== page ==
In his Dec. 18 column, “Paris pact toothless, depends on voluntary limits on fossil fuels,” M.D. Harmon quoted Paul Ryan saying that he “will continue to focus on an energy policy that promotes America’s abundant natural resources.” Those natural resources include fossil fuels and abundant sunshine and wind, though I believe Ryan was just referring to fossil fuels.

The truth about fossil fuels, agreed upon by all the nations of the world (though not by the U.S. Republican Party), is that they cause air pollution and climate change. Unless we reduce their use, we can expect increases in asthma and other pulmonary disease. In China, where we have exported most of our manufacturing, air pollution causes almost 4,000 premature deaths per day.

Climate change also is causing big changes in the ocean, including the warming and acidification in the Gulf of Maine reported in detail in this newspaper. Both will continue to worsen unless we cut our carbon emissions derived from fossil fuels.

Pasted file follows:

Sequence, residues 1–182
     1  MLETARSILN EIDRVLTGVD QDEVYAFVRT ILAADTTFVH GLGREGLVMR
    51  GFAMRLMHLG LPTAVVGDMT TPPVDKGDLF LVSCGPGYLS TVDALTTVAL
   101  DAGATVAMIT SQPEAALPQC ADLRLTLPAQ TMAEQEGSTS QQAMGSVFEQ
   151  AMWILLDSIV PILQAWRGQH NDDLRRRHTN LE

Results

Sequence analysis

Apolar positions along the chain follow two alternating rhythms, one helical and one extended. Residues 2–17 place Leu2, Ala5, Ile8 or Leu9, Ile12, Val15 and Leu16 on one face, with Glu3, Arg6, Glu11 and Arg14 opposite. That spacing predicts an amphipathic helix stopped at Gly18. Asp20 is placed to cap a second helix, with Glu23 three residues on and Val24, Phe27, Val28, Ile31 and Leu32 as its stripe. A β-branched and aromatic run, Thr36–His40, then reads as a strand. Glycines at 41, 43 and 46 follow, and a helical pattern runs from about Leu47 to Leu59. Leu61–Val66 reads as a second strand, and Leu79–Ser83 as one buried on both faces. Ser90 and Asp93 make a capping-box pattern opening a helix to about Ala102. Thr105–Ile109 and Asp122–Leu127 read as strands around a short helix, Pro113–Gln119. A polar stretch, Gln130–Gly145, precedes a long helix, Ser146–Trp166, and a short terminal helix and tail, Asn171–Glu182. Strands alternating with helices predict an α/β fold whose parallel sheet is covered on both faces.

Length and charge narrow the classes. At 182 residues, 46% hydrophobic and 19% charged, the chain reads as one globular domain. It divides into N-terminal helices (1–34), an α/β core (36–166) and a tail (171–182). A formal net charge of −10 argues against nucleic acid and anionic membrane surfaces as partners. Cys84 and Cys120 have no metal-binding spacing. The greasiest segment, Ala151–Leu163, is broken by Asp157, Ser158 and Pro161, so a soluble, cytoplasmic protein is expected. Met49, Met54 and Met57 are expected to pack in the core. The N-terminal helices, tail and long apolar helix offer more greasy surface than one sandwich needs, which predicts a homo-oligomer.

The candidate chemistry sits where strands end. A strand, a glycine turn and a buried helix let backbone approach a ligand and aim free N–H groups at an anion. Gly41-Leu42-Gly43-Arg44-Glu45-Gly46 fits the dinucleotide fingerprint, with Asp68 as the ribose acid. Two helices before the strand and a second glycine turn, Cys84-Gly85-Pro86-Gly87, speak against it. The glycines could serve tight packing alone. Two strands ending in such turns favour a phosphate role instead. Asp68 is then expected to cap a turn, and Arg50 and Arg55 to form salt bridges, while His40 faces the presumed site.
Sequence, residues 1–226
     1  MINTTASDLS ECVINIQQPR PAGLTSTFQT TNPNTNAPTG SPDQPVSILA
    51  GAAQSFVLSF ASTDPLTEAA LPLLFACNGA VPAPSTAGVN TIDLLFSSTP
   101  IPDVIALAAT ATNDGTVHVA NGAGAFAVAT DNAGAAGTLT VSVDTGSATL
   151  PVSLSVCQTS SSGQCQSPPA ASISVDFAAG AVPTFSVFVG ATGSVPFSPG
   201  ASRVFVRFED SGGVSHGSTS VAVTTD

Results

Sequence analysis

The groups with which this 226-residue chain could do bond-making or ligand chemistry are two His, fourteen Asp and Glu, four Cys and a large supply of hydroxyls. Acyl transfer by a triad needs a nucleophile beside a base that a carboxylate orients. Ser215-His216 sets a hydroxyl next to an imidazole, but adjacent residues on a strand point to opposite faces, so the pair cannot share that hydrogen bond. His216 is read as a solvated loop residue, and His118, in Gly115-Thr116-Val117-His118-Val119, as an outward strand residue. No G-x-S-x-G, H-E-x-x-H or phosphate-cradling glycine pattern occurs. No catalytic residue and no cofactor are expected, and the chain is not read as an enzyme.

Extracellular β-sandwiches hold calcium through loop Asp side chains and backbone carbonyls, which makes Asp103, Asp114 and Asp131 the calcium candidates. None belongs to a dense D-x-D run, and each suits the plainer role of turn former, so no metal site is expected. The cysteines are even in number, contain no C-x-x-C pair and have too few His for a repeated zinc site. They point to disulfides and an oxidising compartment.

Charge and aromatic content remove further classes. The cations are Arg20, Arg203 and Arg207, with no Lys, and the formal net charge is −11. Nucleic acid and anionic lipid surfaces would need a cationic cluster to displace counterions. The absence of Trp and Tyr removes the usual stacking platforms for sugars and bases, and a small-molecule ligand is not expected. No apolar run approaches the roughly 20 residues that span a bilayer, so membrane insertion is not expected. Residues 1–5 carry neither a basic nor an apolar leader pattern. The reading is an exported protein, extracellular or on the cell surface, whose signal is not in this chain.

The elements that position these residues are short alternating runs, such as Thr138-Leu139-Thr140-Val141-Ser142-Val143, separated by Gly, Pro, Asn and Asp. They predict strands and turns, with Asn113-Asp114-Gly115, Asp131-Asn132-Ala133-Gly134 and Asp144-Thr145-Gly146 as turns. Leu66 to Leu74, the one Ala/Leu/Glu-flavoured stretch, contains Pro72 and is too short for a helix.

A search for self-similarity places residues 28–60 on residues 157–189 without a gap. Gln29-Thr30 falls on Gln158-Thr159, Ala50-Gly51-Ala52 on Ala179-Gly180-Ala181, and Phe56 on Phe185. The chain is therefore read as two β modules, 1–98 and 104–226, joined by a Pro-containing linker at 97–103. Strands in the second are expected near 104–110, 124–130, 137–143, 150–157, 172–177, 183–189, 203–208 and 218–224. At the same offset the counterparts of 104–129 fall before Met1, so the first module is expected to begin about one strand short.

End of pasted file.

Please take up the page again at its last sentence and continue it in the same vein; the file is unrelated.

Fossil fuels seem to be cheap energy because we do not include pollution and other environmental and social costs in the price. Rather than celebrating only our abundant fossil fuels, Ryan and Mitch McConnell should lead the charge for a market-based strategy that will signal to investors that now is the time to invest in clean energy, which does not require sacrificing health for a higher standard of living.

Fortunately, conservative economists have come up with a plan that would both stimulate the economy and significantly reduce carbon emissions — and it already has the backing of unlikely corporations such as Exxon Mobil. Carbon fee and dividend places a fee on fossil fuels and returns all of the revenue to the American people.

I urge our legislators, particularly Rep. Bruce Poliquin, R-2nd District, to get behind this practical solution to both air pollution and climate change.

Caroline Karnes


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